Superwoman and I enjoyed our San Diego trip.....for the most part. She was held back a bit by my limitations and I was intermittently very happy and overwhelmingly melancholy.
I was born in San Diego and spent many very happy years there. I've traveled a bit and still believe it is one of the earth's beautiful cities. Chances are very large that I'll never see it again.
The primary purpose of the trip was to visit my sister and brother and their families but it morphed into me visiting some of my favorite places, evoking emotional upheavals, then trying to contain the waves of sadness knowing I would never lay eyes on them again.
The San Diego Zoo, where no matter how old you are you can always find a sense of wonder and amazement at nature's diversity. In a time gone by I'd walk the miles of trails until the Zoo closed and then sit outside the fences well past dark to listen to the howls and screeches that a typical Zoo visitor never experiences.
The Ocean Beach Pier that extends so far out into the ocean that the sound of the breaking surf is a distant whisper. Years ago I would use fishing as an excuse to escape to that place where salty tears mix easily with ocean spray. There was an understanding among the characters that fished the deep waters that we were all casting more than bait into the vastness. Vietnamese families fishing for food hoped that the place somehow offered security. Mexican men laughing away their burdens as they sipped warm beer from cups as there was no alcohol allowed. We would quietly stare into the water waiting for the tug of some creature. There would be bursts of energy when someone hooked a stray mackerel, attracting the stares of pier-walkers and the short-lived admiration of other fishermen. Then quiet would return, allowing waves of unwelcome introspection. Hours after sunset I would walk the long pier back to the beach. Each step bringing the sound of the breaking surf ever louder and reality ever closer.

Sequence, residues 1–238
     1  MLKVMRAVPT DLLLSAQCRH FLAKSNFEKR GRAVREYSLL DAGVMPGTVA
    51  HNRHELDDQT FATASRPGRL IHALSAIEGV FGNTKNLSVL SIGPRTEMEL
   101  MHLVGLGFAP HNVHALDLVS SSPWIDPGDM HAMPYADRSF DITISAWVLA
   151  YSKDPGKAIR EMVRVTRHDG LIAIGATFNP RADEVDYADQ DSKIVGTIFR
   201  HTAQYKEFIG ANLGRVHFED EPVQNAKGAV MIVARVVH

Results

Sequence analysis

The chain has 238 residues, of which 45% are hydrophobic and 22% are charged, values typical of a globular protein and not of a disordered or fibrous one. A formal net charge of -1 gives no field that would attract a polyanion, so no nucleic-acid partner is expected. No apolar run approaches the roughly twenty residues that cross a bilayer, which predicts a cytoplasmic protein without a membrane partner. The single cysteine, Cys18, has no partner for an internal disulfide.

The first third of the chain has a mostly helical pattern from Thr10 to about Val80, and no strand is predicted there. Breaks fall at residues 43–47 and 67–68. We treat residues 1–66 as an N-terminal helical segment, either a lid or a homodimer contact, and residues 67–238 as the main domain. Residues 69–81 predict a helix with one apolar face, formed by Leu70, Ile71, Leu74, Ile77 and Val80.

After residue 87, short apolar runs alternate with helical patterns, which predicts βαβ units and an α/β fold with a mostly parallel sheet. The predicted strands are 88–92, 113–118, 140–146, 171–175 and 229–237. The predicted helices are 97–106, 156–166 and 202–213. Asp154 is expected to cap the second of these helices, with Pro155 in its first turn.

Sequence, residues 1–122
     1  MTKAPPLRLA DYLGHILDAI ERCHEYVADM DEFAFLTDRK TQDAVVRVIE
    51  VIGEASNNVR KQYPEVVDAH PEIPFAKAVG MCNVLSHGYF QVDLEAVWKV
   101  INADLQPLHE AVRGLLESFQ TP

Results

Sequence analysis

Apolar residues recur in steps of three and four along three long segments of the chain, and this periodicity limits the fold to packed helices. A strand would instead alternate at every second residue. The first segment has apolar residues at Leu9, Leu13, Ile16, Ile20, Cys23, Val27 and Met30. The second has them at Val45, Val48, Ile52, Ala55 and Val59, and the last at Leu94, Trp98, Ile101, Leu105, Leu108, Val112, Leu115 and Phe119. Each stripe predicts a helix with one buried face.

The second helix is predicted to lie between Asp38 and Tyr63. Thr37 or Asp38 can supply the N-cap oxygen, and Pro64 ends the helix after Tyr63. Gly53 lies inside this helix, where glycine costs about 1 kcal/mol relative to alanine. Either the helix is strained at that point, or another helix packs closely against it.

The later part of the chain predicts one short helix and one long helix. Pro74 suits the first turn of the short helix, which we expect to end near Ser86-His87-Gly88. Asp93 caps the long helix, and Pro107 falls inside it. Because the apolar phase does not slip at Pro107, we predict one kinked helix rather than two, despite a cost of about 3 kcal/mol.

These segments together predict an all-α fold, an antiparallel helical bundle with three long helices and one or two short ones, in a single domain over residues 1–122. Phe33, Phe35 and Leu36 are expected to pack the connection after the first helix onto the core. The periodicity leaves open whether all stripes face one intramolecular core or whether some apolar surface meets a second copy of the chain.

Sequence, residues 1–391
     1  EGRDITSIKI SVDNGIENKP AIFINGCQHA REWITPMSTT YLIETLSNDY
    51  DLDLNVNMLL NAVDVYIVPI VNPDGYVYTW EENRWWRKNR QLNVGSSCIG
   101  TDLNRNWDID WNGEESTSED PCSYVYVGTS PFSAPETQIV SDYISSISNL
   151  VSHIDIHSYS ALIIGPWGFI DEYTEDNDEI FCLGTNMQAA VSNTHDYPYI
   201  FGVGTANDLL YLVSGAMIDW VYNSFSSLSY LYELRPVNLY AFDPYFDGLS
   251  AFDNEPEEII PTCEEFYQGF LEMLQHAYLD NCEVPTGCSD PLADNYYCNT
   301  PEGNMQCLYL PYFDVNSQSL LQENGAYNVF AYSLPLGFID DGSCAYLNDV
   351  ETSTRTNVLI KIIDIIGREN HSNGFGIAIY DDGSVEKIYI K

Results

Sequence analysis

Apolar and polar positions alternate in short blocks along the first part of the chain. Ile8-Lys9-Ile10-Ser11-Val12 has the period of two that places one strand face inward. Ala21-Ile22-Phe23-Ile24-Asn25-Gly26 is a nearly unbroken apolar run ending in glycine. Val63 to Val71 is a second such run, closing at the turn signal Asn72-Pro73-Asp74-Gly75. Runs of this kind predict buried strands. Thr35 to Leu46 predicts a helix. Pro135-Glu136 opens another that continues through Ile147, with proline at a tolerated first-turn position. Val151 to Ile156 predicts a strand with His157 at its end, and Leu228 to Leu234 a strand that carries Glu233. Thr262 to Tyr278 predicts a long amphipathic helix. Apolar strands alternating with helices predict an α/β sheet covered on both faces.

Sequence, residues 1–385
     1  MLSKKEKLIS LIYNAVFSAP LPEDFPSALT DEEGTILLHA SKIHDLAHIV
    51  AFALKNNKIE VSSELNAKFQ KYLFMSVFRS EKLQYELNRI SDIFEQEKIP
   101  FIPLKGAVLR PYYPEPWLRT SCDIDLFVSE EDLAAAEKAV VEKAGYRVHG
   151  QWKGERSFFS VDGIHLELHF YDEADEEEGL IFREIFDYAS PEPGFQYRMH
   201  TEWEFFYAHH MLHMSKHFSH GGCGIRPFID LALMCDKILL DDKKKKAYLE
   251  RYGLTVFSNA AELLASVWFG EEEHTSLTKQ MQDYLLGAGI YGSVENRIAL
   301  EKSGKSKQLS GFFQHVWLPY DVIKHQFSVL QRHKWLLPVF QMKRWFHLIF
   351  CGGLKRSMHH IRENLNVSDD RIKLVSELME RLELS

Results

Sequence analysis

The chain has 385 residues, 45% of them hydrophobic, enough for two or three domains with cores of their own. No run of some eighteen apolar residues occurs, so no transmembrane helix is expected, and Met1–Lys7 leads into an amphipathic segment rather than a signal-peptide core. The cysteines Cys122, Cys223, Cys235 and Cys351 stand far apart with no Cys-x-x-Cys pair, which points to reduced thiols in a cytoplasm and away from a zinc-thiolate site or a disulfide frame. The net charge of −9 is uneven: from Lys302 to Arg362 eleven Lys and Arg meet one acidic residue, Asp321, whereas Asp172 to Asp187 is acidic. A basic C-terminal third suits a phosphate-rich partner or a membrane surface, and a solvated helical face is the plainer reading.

There was always a lightening of burdens as if each cast of my line was throwing away unnecessary cares. In truth it was the time spent alone, in the salty air, allowing unbridled introspection. Staring not into the water but into my soul. I became a better man fishing that pier. Never would a visit to the OB Pier not leave me feeling lighter. Until this visit.
Sunset Cliffs has many of the same qualities as the Pier except the waves crash violently and loudly against the eroding sandstone rock. Each visit was different. The surf higher or the tide lower, the wind gently caressing or blowing hard enough to require a lean as I would near the cliff edge. There were no epiphanies in my relationship with Sunset Cliffs, only a profound appreciation for its beauty. That must be why I broke down and sobbed when it was time to leave.
I will never stand precariously at the edge of those crumbling cliffs, hear those sounds, or smell that air again. I'm weary of saying goodbye.